But the Baker Creek catalog came again, with its seductive heirloom charms. Then the greenhouse had raspberry plants on sale,and the staff assured me that berries do, in fact, grow well in New Mexico (we'll see about that), and one of the workers gave me 6 tomato starts. . . and now I have my two beds ready to go again and have lettuce, peas and other greens in the ground, with the first little lettuces coming up today.

And so we're off! I started the hot weather crops inside today. In addition to my 6 tomatoes I started some striped Turkish tomatoes, a purple tomato called "Cherokee Chocolate," an early, cold-weather cucumber from Russian, a big rust-colored cucumber from the Himalayas, some purple eggplant that are supposed to do well in short growing seasons, an eggplant that looks more like a tomato, again from Turkey, two kinds of melons and basil. I'm not trying corn again this year. I got a few mediocre ears last year and it takes up alot of space and nutrients. Ditto the winter squash - I did get several pumpkins last year only to have them go bad before we could eat them. For being such a staple crop I have NOT had good luck with winter squash, so I think I'll take this year off. I hope to have better luck with them in the future though, since there are so many interesting varieties out there!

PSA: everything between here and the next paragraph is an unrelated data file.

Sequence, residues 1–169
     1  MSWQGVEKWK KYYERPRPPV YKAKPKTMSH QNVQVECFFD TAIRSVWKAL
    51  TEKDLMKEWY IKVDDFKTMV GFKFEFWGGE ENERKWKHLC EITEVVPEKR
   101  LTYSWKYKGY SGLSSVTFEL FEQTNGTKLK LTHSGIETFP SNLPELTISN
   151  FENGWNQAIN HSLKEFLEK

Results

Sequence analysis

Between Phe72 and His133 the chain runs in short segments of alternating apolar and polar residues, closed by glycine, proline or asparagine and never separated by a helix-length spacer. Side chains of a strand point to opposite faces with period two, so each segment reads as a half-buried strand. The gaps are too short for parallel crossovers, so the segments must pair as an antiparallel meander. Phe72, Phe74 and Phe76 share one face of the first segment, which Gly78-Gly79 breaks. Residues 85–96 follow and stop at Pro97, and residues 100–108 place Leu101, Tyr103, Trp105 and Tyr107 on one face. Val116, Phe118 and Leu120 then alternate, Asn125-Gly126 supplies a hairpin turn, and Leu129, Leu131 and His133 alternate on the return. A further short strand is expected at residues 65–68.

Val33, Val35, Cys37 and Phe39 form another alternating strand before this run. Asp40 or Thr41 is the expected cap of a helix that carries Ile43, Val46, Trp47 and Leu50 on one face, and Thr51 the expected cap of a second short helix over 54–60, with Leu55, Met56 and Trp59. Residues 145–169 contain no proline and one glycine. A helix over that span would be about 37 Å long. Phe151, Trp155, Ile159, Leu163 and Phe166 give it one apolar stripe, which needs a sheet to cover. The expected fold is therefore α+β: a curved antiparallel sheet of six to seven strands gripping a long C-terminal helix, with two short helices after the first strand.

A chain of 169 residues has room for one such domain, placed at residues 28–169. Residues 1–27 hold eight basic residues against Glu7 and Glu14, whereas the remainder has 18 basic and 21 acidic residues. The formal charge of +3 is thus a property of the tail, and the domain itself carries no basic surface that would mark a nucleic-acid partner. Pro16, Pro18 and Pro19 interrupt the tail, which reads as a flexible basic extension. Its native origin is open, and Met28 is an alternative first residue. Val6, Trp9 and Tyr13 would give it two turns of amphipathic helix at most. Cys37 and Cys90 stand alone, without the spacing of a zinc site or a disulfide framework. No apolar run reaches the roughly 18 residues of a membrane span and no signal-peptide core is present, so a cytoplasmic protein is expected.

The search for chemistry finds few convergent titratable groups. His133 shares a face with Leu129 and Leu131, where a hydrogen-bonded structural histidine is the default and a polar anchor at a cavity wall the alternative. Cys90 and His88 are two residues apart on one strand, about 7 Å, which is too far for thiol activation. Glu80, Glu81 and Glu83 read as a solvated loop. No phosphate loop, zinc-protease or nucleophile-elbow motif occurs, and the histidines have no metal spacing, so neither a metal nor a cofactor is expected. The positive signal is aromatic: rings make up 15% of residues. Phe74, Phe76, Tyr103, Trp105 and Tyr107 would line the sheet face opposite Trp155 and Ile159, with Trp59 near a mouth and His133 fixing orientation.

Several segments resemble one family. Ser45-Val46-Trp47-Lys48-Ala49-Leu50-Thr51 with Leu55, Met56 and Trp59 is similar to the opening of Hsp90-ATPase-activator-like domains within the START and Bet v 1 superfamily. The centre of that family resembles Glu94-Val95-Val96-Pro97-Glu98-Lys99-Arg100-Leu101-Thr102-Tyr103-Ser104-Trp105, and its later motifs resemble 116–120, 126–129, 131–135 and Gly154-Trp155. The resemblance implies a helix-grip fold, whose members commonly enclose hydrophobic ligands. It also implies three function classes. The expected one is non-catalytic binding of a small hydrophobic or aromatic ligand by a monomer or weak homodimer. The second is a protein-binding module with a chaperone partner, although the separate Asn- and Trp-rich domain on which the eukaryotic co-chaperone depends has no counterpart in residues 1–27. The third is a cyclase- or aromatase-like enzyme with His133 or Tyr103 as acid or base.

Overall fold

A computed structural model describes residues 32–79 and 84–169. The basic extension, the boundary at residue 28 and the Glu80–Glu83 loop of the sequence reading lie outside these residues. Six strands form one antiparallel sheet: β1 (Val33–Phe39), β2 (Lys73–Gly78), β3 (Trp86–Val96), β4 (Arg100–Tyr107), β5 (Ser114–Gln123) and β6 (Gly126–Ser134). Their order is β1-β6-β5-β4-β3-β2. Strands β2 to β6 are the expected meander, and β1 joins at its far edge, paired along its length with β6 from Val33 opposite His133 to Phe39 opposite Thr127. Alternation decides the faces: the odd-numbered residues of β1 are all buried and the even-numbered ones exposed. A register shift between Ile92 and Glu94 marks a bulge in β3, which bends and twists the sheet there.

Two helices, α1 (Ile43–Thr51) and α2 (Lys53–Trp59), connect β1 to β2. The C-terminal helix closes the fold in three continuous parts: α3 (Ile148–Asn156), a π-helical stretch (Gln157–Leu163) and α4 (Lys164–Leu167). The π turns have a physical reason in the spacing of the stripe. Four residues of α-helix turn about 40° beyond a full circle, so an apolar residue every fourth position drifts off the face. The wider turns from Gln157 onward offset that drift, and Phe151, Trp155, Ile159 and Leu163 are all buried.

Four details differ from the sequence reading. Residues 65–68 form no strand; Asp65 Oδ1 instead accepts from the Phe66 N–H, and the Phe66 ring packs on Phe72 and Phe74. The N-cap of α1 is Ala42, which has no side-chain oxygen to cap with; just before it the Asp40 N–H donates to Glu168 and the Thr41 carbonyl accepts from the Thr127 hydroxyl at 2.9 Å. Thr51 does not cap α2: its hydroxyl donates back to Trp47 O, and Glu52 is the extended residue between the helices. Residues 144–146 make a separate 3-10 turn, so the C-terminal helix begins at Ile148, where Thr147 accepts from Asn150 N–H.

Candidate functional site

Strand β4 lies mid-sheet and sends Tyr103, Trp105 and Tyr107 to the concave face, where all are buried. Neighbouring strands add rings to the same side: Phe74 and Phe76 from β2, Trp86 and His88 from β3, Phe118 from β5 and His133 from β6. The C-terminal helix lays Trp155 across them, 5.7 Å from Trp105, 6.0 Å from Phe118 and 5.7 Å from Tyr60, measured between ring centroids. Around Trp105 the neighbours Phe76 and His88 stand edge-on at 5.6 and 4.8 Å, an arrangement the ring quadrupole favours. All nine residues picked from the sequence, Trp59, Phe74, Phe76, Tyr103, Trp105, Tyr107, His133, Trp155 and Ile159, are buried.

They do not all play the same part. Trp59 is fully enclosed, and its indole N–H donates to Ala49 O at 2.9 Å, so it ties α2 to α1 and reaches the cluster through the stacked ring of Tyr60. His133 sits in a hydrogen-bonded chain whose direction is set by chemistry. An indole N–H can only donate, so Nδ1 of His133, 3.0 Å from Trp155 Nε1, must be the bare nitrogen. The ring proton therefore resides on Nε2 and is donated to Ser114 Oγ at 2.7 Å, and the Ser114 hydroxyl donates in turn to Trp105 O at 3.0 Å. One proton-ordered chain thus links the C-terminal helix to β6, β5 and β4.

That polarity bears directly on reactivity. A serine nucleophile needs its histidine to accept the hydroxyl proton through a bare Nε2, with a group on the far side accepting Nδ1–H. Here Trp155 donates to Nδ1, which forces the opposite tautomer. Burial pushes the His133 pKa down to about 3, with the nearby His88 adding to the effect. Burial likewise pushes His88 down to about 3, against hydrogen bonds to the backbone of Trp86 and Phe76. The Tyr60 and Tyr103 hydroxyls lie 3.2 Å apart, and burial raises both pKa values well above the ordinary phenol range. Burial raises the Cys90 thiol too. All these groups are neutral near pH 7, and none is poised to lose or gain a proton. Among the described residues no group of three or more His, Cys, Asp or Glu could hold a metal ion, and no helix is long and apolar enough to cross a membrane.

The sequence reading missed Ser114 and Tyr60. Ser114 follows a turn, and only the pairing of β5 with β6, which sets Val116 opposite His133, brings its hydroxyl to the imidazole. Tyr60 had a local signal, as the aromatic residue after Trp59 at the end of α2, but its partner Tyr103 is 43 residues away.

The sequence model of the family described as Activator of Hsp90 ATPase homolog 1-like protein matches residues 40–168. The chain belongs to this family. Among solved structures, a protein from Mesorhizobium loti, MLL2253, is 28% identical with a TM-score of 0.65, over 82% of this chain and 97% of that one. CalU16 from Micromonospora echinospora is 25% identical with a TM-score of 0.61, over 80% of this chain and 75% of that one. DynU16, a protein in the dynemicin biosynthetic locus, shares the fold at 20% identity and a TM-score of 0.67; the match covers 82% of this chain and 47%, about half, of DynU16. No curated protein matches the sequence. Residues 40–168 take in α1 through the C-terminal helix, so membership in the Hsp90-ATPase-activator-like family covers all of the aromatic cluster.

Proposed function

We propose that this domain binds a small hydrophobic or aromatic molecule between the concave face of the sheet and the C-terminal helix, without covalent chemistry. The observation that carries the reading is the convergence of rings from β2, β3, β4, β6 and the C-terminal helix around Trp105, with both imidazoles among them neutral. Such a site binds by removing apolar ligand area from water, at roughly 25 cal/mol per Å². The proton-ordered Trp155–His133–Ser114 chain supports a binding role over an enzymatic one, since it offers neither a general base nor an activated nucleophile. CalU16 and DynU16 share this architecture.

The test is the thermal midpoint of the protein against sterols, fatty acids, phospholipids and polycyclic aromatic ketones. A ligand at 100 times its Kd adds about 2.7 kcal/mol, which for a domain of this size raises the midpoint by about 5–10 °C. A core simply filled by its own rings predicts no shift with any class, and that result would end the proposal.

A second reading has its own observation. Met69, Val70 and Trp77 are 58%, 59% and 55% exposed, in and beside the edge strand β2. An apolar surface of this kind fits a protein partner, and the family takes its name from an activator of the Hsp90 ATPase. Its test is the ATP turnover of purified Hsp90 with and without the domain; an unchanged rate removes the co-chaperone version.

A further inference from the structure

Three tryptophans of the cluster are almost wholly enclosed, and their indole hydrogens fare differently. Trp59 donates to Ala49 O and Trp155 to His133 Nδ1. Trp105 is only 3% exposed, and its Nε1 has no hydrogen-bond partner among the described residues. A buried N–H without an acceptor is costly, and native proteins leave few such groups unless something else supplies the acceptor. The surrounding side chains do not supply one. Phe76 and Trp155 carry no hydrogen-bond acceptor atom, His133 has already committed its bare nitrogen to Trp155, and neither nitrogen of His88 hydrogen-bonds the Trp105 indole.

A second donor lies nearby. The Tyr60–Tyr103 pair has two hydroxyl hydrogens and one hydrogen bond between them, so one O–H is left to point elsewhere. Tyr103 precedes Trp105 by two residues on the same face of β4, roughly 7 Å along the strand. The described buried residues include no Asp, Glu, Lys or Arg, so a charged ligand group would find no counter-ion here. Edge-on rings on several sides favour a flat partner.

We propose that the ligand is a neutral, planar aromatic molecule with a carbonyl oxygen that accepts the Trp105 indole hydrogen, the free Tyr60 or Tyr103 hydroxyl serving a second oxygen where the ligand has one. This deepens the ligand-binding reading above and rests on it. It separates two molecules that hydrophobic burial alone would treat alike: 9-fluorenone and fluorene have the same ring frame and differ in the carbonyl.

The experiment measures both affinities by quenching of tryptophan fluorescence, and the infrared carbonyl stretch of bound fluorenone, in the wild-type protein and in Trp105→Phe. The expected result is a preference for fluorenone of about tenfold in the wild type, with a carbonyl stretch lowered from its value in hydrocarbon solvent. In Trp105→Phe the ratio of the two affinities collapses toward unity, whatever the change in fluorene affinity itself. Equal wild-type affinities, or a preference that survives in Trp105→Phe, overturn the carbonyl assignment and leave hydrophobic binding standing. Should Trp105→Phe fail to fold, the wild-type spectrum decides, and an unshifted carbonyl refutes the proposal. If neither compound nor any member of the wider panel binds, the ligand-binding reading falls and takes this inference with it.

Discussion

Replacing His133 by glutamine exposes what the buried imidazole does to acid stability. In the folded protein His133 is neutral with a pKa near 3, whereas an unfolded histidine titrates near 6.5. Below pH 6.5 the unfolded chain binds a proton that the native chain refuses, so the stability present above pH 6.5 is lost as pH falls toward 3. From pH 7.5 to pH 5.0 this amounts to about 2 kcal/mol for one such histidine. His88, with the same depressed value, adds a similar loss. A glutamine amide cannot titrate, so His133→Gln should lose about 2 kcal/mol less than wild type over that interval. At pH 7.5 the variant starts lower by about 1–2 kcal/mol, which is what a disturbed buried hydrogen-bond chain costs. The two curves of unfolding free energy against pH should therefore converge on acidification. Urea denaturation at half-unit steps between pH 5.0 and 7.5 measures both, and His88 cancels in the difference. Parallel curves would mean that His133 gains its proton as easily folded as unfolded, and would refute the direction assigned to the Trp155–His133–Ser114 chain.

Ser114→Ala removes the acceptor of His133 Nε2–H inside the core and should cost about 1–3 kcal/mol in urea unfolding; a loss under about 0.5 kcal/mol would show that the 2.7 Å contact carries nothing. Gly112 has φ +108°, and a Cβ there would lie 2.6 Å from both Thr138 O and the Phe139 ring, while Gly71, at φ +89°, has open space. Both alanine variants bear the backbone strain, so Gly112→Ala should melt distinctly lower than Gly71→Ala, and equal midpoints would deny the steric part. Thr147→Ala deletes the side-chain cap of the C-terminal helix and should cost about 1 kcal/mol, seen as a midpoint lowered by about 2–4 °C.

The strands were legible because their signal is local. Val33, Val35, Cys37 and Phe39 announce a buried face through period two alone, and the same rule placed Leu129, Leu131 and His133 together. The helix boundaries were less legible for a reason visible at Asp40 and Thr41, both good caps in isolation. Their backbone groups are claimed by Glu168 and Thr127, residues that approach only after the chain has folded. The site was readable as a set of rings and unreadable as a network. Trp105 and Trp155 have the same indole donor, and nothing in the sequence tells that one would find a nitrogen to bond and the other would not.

Wednesday, February 04, 2009

Good Food Blog

So I was going to to to the gym and go swimming tonight, I really was. But at 4:50 one of our needier clients called, and kept me on the phone discussing her estate plans until 5:40. They're supposed to come in and sign their wills tomorrow and really just want them to go away at this point, so I thought it best to put in the time tonight.

So I pull into the gym parking lot about 6:00 (and lap swim only lasts until 7:00) still trying to make a go of it and there is literally no parking space to be had. I think they were having some kind of elementary/high school basketball game there because I doubt this many people are into free weights and Pilates, even in Santa Fe. People are parked on the sidewalks and all along the road. At this point I give up and decide to to home and cook dinner. What's in the fridge? Uhhh, we have plenty of egg from the chickens, who are still laying well, there's some red chile sauce, so huevos rancheros are an option, although I doubt the beans I made about 2+ weeks ago are still good (blech!!). There's a few slices of bacon, some pasta, random cheeses left over from a squash tart I made over the weekend. I know there's some kind of dish that involves pasta, a cream sauce and bacon. . .pasta. . car-something. Well, if the universe is set againt me getting any exercise this week (which it is, I've meaning to go every night this week!) I might as well have pasta with cream sauce and bacon, right? Right!

My old standby, Cooks Illustrated let me down but Google brought up What Geeks Eat, about halfway down the page. They had a super-simple receipe for Pasta Carbonara, which was exactly what I was looking for. Upon looking more closely, a recipe for Bacon Donuts with Maple Glaze showed up ("Can you make those now?" says Mr. P.), along with Pistachio Lambchops, a paella and a blogroll full of delicious sounding blogs.